During this process, I received a powerful email from a friend that gently laid out her belief system as it related to God. She knew I was struggling to find a Higher Power and gave her advice as an offering. Her way of explaining her connection to a Higher Power was like nothing I’d ever heard before. In a nutshell, God was not an invisible man in the sky, nor was he a fencepost, or a rock, or my husband. She offered that maybe God could be an energy, more of a feeling rather than a being.
“Relieve me of the bondage of self, that I may better do Thy will.”
God could be Love, she said.
This concept stopped me dead in my tracks and made more sense to me than anything I’d ever heard before. I turned this thought over and over in my mind for days on end.
God could be Love?
Well, if that were true, then I guess I believed in God because I most definitely believed in Love. This line of thinking was sensible and seemed hopeful. Eventually, I came to honestly say that I had a Higher Power and that Higher Power was Love.
The next time I met with my Sponsor, I told her I had made the decision to turn my will and my life over to the care of God (Love) as I understood Him. I was ready. We both kneeled on the ground of her living room floor, facing each other and read aloud the Third Step Prayer from page 63 of the Big Book of Alcoholics Anonymous:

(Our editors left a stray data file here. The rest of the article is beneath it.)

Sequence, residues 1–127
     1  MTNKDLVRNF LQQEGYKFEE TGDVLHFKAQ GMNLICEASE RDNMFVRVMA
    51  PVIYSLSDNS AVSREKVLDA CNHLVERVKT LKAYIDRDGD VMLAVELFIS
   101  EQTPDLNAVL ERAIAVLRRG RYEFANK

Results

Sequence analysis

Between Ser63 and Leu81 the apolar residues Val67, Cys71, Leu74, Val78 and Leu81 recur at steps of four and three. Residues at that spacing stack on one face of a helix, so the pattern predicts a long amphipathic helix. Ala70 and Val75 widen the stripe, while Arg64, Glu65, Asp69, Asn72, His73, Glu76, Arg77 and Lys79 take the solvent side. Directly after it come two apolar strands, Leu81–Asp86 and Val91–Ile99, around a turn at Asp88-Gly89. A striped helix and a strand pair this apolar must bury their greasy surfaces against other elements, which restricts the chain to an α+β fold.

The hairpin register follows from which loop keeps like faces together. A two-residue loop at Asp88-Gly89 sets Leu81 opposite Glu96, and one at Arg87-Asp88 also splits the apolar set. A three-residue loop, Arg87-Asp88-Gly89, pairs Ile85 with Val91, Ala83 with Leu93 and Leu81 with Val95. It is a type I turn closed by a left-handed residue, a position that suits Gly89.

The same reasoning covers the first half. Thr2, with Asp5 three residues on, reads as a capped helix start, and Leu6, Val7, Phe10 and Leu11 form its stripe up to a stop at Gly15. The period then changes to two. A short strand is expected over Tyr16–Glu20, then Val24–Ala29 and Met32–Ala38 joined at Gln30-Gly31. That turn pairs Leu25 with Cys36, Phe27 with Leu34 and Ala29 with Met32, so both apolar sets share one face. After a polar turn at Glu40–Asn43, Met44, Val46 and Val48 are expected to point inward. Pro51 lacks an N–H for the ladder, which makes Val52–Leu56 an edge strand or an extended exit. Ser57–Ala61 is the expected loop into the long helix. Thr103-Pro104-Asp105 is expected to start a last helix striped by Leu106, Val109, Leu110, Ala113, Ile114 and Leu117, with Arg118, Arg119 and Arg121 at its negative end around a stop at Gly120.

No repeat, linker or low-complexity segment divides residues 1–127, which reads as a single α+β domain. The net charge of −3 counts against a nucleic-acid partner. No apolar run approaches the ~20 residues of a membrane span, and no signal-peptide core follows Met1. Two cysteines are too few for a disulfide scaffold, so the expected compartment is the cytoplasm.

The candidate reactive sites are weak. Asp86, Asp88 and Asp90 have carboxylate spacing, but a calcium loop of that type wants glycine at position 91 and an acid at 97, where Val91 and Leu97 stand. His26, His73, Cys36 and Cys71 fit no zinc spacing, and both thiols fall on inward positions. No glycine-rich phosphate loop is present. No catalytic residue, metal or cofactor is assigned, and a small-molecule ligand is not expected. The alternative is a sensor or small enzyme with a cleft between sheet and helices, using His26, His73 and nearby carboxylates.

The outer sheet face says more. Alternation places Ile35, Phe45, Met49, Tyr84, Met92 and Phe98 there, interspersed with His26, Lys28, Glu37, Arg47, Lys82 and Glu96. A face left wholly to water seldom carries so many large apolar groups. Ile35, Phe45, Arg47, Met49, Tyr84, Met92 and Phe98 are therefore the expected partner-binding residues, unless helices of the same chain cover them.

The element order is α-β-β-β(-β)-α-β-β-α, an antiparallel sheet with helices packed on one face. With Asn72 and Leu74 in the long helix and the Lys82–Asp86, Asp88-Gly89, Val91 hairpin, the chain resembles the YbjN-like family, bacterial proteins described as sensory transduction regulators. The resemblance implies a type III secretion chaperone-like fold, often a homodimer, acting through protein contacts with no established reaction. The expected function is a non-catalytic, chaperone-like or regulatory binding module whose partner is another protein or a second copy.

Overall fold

God, I offer myself to Thee --- to build with me and to do with me as Thou wilt. Relieve me of the bondage of self, that I may better do Thy will. Take away my difficulties, that victory over them may bear witness to those I would help of Thy Power, Thy Love, and Thy Way of life. May I do Thy will always!
I sobbed openly as I read these words out loud to my Sponsor. I could feel genuine Love coursing through me and I felt a palpable rush of relief wash over me once we finished the reading. I let out a long, heavy sigh.
It didn’t feel fake.
It didn’t feel forced.
I’ve been a Seeker my entire life and yet seriously doubted that I would ever find God. The funny thing about all of this is that once I let go of the idea of what I thought God was supposed to be and was able to honestly choose a God of my own understanding, I did feel new freedom and power rush in.
The byproduct of getting sober has made me care less about what other people think. Turning my will and my life over to my Higher Power of Love might sound a little touchy-feely to some, but I honestly do not care what others think about that. I only care about not picking up another drink today.
It turns out Step 3 really just boiled down to finally trusting myself enough to believe what I want to believe and loving myself enough to let go of my old story and start writing a new one.
Tammi hasn’t had a drink since February 3, 2015. She is a former wine bar owner, lifelong seeker and recovering perfectionist. She makes art every day and credits this practice as the path to her spiritual overhaul. She documents her creative forays and monthly sobriety milestones at TammiSalas.com Her writing here will share her story as she navigates the 12 Steps of AA.
A NOTE FROM TAMMI:
Anonymity is the foundation of AA and I respect that. However, I choose torecover out loud in order to be of service to other people still suffering.